JAMAICA, Kingston (5 September 2018) – – In his statement at the BBNJ Conference currently being held at the UN headquarters in New York, and on behalf of the Secretary-General of the International Seabed Authority, the Deputy to the Secretary-General and Legal Counsel, Mr Alfonso Ascencio-Herrera indicated that the International Seabed Authority – as one of the institutions created by the Convention – which remains the governing text throughout the process, stands ready to support the Conference as a whole, including by raising awareness of the scope of the Authority’s mandate and work. He invited participants to attend the three separate side events organized by the Authority in collaboration with member States, on different aspects of the Authority’s work, including sharing of marine scientific data, capacity-building and environmental planning and management.
He added that the Convention takes a holistic approach to the protection of the marine environment.
“This essential reality is recognized by the Convention itself, which in its third preambular paragraph reminds us that ‘the problems of ocean space are interrelated and need to be considered as a whole.”
“To address these problems, the fundamental frame of reference within the Convention is the marine environment as a whole. It is worth noting that the Convention places no boundaries on the protection it gives to the marine environment. Thus, it brings within its purview the adverse effects on the marine environment from activities on land and in the atmosphere.”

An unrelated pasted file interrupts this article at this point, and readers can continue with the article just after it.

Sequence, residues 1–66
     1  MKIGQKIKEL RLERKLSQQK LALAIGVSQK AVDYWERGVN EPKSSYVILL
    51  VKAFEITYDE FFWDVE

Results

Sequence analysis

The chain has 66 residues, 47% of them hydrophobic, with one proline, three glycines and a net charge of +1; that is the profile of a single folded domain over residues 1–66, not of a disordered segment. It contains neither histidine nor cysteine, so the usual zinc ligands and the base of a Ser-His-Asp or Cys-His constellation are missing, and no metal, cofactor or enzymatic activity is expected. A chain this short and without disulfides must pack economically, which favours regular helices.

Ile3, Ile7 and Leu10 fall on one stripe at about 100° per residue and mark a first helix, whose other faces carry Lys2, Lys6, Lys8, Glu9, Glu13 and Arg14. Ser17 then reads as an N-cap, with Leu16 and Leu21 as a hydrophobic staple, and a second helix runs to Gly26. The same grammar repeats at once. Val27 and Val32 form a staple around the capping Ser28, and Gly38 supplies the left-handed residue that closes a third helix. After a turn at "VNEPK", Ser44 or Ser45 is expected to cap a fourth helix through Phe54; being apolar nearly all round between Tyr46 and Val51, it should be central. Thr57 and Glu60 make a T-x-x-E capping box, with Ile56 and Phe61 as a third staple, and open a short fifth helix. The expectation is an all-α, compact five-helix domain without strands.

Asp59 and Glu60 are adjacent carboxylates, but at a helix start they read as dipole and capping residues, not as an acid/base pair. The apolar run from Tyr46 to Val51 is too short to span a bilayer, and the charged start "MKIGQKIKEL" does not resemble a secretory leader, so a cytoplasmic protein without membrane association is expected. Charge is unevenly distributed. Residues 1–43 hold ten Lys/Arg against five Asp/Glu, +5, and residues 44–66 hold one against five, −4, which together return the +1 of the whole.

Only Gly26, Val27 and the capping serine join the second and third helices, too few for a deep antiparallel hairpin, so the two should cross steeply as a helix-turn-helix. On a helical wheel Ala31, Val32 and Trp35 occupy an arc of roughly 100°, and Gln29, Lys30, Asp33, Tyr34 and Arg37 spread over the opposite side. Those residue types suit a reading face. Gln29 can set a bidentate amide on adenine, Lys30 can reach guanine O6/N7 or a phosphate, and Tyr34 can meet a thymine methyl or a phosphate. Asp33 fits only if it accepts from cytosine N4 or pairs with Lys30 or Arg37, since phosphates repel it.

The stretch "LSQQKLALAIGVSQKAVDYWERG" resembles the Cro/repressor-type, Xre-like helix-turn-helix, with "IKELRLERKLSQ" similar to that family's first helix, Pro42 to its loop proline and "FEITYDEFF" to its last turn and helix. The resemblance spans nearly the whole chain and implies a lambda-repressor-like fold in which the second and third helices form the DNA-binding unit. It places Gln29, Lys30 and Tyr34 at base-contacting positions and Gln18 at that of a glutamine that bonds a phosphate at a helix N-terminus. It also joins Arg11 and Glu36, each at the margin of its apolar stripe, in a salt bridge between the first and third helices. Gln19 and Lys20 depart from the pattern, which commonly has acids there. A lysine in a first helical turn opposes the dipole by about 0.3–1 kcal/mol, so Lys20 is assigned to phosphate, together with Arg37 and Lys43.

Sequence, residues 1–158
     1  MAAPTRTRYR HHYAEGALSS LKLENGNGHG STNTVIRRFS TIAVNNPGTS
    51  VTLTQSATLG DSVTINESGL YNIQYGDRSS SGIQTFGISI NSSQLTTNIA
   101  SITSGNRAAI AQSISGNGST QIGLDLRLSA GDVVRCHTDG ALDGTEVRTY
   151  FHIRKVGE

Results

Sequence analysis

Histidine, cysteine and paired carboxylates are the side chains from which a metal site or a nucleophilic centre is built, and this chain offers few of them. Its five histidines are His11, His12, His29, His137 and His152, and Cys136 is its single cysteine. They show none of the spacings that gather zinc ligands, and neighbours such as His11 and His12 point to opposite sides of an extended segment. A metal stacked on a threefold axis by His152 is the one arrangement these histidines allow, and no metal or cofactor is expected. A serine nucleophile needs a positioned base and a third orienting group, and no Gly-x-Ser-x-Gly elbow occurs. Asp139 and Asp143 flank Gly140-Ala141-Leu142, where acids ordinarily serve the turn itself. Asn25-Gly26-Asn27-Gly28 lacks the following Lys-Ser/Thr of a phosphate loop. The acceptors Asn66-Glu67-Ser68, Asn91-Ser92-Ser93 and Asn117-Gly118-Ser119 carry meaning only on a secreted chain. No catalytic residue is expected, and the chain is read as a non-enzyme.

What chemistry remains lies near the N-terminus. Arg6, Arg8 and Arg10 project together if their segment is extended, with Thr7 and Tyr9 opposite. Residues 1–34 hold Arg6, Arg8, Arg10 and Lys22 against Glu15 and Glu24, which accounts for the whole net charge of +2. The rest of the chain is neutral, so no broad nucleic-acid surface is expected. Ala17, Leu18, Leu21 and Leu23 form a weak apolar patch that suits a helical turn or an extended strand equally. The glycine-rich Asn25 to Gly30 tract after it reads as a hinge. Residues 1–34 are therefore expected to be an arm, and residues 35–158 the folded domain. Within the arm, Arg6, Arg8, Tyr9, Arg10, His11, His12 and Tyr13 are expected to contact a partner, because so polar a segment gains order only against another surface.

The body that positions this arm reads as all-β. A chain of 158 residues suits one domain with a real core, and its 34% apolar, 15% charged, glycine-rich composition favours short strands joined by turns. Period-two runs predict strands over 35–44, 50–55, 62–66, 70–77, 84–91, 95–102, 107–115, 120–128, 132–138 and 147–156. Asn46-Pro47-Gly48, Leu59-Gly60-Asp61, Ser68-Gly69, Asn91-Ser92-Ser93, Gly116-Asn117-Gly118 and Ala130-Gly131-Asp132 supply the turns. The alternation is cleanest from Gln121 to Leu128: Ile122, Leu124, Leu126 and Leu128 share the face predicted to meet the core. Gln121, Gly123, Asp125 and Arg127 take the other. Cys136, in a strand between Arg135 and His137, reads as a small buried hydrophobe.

Mr Ascencio-Herrera pointed out that while the ocean space is subject to the environmental protection obligations in Part XII, the Convention deals with the implementation and enforcement of those obligations based on the strict jurisdictional boundaries established in other parts of the Convention. These boundaries may be geographic, as in the different maritime zones, or established by reference to the functional competence to regulate certain activities.
In this regard, he highlighted that it is essential therefore, that the Conference does not overlook or undermine the existing provisions of the Convention, and that it fully respect the rights and jurisdictions carefully elaborated in the Convention.
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